I did the layout for the compilation with Sandy McIntosh at Sonic Unyon, and it took a long time. I wasn’t sure what to do with it, but we had a lot of ideas and we finally came up with something we were happy with. Brendan was in Guelph, e-mailing suggestions, and we mastered the record with my friend Toby on his computer in his parents’ attic. It was all totally DIY. We did everything ourselves with that record. Everything. We had a record release show at the two-day Rocktober festival in Oakville at a community centre. Many bands on the compilation played that show, doing the songs from the record, and I think we sold 150 of them in two days there – maybe even more. We sold out of it quickly. We ordered 1000, but ended up with 1120, and we sold every single one of them. We thought about repressing it, but so many of the bands had released the songs, or had plans to release the songs, on records of their own, so as much as we would have liked to keep the CD in print, it just didn’t make sense.
But, at this point, the distributors we had were working really well for us, and we were lucky to know so many honest people. Tim and Mark at Sonic Unyon hooked us up with a pressing deal that saved us a lot of money, and we were fortunate to know them too. We ended up renting an office in their building – they gave us a huge break on the rent – and we shared it with Goodfellow Records. My parents were happy I was moving all of those boxes out of our basement, and Brendan’s parents had stuff stashed away at their place too. Chris and I started working at Sonic Unyon around then as well. At the time, it seemed like we lived in that building. We worked at Sonic Unyon during the day and at our own labels at night, helping each other with whatever we could. And Brendan was there on the weekends working away too. We had a lot of fun together doing that stuff.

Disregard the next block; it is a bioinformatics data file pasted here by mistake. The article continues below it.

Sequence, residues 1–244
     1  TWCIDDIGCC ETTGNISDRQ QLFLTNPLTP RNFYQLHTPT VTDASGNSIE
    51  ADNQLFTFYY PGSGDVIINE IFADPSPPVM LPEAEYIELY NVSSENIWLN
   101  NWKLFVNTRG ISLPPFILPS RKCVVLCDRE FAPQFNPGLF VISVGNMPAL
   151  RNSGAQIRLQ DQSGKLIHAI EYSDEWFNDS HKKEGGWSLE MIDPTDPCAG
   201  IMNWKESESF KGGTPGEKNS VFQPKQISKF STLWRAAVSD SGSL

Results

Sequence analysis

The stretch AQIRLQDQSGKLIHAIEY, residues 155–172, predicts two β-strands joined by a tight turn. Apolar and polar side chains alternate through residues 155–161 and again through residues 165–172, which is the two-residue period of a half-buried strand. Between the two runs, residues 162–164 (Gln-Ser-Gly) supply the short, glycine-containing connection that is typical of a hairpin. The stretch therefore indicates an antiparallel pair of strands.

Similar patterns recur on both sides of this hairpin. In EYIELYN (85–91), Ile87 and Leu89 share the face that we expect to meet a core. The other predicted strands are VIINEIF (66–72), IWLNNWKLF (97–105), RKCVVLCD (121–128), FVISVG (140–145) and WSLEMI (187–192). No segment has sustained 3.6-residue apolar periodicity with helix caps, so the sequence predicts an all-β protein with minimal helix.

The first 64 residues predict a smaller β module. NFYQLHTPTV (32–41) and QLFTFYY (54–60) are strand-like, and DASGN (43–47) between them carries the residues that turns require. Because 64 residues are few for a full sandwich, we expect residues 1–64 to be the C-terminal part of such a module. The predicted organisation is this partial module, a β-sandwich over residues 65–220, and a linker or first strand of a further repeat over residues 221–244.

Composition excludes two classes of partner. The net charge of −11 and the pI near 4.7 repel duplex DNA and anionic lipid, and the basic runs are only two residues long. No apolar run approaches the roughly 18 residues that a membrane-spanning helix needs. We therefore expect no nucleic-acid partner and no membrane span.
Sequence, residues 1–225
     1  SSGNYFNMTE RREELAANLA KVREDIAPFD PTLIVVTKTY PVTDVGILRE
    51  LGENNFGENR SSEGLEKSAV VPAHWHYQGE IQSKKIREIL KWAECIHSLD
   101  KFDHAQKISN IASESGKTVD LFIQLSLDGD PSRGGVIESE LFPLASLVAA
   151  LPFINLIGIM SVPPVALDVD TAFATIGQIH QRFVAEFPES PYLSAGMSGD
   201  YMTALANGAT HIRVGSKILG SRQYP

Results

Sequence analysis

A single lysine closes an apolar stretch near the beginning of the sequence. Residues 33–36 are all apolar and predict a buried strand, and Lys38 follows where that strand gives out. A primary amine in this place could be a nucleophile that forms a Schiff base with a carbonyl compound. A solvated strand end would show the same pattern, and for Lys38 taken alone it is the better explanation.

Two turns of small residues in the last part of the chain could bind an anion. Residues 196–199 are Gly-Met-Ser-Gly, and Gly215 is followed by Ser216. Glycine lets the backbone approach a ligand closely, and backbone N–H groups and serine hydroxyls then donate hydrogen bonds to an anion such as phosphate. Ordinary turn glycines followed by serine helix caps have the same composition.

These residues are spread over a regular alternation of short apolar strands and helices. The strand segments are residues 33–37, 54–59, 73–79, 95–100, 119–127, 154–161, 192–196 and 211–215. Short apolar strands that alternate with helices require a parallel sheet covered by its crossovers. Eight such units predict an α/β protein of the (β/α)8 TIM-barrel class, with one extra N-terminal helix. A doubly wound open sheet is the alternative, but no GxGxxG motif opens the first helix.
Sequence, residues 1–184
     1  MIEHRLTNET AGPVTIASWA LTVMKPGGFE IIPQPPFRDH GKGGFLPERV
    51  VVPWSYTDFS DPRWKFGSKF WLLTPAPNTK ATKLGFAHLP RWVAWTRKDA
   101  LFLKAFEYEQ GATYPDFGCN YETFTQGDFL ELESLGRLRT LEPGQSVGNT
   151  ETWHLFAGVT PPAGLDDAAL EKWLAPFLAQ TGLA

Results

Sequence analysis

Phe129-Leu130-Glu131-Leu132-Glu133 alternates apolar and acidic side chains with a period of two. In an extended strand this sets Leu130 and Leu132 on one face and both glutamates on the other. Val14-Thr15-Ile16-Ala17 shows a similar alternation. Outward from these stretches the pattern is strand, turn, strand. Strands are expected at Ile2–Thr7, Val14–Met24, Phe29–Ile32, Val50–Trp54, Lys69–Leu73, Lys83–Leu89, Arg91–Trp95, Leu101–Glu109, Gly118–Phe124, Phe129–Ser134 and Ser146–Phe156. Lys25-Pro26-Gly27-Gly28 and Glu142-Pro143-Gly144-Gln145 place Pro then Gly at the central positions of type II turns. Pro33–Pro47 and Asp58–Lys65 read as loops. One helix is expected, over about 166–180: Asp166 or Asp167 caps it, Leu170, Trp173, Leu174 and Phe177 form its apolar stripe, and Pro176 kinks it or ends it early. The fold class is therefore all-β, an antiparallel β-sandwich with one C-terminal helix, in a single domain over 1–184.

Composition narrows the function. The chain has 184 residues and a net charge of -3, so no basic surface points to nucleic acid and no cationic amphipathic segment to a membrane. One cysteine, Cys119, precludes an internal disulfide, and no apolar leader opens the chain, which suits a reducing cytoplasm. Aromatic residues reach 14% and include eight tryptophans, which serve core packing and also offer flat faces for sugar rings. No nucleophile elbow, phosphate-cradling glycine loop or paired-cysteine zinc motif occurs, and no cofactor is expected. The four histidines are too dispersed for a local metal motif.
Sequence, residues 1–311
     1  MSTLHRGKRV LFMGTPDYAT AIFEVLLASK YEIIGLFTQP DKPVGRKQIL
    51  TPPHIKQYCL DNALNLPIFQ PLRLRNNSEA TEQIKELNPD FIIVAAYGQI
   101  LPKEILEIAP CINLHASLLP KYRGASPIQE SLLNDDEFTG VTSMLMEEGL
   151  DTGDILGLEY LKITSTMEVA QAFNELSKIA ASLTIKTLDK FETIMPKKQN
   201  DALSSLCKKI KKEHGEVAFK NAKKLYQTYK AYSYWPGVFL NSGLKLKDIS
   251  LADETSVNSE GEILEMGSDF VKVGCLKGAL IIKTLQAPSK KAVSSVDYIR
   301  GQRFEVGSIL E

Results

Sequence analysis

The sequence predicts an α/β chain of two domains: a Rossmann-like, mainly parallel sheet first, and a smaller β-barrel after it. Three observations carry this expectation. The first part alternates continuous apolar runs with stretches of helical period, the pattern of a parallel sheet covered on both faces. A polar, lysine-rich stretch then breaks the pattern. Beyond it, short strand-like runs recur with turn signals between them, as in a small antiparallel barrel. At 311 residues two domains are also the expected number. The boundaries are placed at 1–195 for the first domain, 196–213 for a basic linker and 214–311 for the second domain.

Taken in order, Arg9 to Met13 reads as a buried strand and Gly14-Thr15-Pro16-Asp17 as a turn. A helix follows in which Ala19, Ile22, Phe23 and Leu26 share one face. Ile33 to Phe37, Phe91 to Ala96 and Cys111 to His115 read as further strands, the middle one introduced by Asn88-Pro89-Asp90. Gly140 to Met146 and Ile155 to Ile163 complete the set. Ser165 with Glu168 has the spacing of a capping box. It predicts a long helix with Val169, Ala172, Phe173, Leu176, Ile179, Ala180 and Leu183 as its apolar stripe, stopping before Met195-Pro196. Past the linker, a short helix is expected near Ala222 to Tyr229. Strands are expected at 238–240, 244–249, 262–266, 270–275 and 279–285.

-Two bands from the compilation, Kid Gorgeous and Dead to the World did a split for Redstar in 2000. How was this split received and how did it compare to the Avarice/Confine split? I also read that there was supposed to be a special edition repress of this split in 2001 that featured an additional song from each band, was this ever released?
That CD was another successful one. We ordered 1000, and I think we got 1100 or so. We sold all of them. It was well received. It got good reviews in all of the magazines that reviewed it. I’m not sure how to compare it to the Avarice/Confine split CD. I did the layout for this one again, again working with Sandy, and I took a lot of photos for it, so it was more in-house, in terms of my involvement with it. Fred Betschen played a part in it, as with the Avarice/Confine split. He mastered the record, and he did a great job with it. He also recorded the Dead to the World songs. Kid Gorgeous recorded their half with Doug White at Watchmen Studios, who’d also worked with some heavy hitters: Another Victim, Buried Alive, Every Time I Die, Disciple. The record sounded slick. Both producers were always good. You could depend on them to deliver a quality recording. We were pleased with the way everything came together with that CD.